The American Political Science Review (APSR) centennial provided us an occasion for the examination of the political science profession as reflected from its pages. Employing a citation analysis of 220 major political scientists published in the APSR and probing deeper into the citation record of some of its prominent scholars, this paper charts the dynamics of political science history. Since its birth over a hundred years ago, the profession has been in a state of constant flux, where new movements surge as previous ones decline once their integration into the fund of professional knowledge was completed. The paper argues that the surge and decline pattern is not a "tragedy of political science," but a sign of a healthy and vigorous profession.
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The slightly younger Dahl presents almost an identical profile, a career very much like Key’s and Truman’s (Figure 4). The three of them served as members of the original Social Science Research Council (SSRC) Committee on Political Behavior, and supporting the campaign led by the long-serving APSA Executive Director Evron Kirkpatrick to use behavioral science as the battering ram to open the door for a political science entry into the realm of modern science, as defined by the National Science Foundation. But all three of them jumped off the behavioral bandwagon very soon after the movement itself was in full swing. Dahl was first to jump, by putting his energy in the 1950s into a more scientific and theoretic validation of pluralism. On the empirical level, for his systematic study of “community power structures” he did for pluralism at the local level what Truman had accomplished at the national level. That came with Who Governs?16 but he had already given pluralism a much higher status in the pantheon of political theory in, A Preface to Democratic Theory.17 We will return to Dahl when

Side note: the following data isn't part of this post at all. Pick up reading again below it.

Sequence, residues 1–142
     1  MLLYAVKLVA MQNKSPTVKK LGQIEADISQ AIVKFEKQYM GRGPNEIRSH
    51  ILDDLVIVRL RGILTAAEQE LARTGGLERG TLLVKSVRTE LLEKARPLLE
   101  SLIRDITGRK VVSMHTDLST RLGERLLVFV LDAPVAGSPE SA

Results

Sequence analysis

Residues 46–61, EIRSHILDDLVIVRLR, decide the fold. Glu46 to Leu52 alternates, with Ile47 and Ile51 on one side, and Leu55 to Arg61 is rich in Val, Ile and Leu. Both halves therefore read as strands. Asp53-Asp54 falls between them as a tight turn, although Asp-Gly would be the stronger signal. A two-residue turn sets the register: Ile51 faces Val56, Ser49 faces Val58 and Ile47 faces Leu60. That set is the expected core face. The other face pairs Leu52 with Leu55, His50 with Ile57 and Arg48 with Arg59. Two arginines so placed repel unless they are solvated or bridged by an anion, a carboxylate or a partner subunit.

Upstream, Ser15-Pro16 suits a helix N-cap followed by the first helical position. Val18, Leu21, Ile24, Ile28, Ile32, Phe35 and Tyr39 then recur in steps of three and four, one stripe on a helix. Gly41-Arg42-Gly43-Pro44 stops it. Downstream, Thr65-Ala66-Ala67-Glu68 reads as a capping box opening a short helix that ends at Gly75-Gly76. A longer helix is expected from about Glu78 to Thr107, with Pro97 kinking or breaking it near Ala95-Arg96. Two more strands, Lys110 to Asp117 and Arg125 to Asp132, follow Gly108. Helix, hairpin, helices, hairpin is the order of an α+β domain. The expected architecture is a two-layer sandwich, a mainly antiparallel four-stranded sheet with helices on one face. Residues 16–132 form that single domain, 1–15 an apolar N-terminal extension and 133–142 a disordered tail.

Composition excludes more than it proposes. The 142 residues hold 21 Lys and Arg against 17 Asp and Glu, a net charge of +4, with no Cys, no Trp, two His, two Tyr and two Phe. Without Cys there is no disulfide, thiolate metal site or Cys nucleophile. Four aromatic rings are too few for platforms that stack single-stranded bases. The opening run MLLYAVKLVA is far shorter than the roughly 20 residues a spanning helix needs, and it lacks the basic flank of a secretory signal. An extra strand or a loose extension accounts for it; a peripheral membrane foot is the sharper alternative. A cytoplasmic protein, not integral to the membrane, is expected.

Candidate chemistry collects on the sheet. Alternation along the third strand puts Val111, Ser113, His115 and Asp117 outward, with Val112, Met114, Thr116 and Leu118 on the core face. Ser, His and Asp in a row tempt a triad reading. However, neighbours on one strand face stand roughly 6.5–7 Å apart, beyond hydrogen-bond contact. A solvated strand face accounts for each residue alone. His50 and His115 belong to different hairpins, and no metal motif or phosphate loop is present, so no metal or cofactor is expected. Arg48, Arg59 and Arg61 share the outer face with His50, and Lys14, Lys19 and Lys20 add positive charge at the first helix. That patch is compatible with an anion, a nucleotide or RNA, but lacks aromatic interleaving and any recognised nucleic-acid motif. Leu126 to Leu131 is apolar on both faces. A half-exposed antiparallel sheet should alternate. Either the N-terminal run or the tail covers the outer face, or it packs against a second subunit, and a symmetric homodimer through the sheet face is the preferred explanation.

ASJC Scopus subject areas
- Sociology and Political Science